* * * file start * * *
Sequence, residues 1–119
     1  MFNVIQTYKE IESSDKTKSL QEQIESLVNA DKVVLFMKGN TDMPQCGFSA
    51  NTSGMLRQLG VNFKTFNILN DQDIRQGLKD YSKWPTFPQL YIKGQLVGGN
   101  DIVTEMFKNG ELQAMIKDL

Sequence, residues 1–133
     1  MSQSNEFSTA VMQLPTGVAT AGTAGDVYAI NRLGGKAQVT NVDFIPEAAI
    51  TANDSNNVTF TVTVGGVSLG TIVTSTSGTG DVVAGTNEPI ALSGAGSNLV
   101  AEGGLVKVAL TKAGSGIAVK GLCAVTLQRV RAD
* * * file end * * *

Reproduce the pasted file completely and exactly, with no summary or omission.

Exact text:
Sequence, residues 1–119
     1  MFNVIQTYKE IESSDKTKSL QEQIESLVNA DKVVLFMKGN TDMPQCGFSA
    51  NTSGMLRQLG VNFKTFNILN DQDIRQGLKD YSKWPTFPQL YIKGQLVGGN
   101  DIVTEMFKNG ELQAMIKDL

Sequence, residues 1–133
     1  MSQSNEFSTA VMQLPTGVAT AGTAGDVYAI NRLGGKAQVT NVDFIPEAAI
    51  TANDSNNVTF TVTVGGVSLG TIVTSTSGTG DVVAGTNEPI ALSGAGSNLV
   101  AEGGLVKVAL TKAGSGIAVK GLCAVTLQRV RAD